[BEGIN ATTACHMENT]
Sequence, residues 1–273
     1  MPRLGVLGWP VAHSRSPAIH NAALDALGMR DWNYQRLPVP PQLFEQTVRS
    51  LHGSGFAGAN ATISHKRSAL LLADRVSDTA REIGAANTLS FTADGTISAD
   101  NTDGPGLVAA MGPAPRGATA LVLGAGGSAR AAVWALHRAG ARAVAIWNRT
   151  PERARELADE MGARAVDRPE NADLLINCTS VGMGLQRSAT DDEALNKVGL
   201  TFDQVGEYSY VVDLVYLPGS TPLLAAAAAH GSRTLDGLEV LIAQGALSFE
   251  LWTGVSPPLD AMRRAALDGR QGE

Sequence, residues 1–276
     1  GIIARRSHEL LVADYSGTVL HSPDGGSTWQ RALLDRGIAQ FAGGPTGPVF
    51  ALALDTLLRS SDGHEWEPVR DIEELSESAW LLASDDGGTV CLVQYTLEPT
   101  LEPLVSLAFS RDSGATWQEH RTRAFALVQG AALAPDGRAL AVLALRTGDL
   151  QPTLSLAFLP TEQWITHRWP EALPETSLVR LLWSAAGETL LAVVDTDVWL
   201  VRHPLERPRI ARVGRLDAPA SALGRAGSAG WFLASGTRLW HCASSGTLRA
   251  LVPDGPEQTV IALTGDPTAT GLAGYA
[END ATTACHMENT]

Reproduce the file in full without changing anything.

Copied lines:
Sequence, residues 1–273
     1  MPRLGVLGWP VAHSRSPAIH NAALDALGMR DWNYQRLPVP PQLFEQTVRS
    51  LHGSGFAGAN ATISHKRSAL LLADRVSDTA REIGAANTLS FTADGTISAD
   101  NTDGPGLVAA MGPAPRGATA LVLGAGGSAR AAVWALHRAG ARAVAIWNRT
   151  PERARELADE MGARAVDRPE NADLLINCTS VGMGLQRSAT DDEALNKVGL
   201  TFDQVGEYSY VVDLVYLPGS TPLLAAAAAH GSRTLDGLEV LIAQGALSFE
   251  LWTGVSPPLD AMRRAALDGR QGE

Sequence, residues 1–276
     1  GIIARRSHEL LVADYSGTVL HSPDGGSTWQ RALLDRGIAQ FAGGPTGPVF
    51  ALALDTLLRS SDGHEWEPVR DIEELSESAW LLASDDGGTV CLVQYTLEPT
   101  LEPLVSLAFS RDSGATWQEH RTRAFALVQG AALAPDGRAL AVLALRTGDL
   151  QPTLSLAFLP TEQWITHRWP EALPETSLVR LLWSAAGETL LAVVDTDVWL
   201  VRHPLERPRI ARVGRLDAPA SALGRAGSAG WFLASGTRLW HCASSGTLRA
   251  LVPDGPEQTV IALTGDPTAT GLAGYA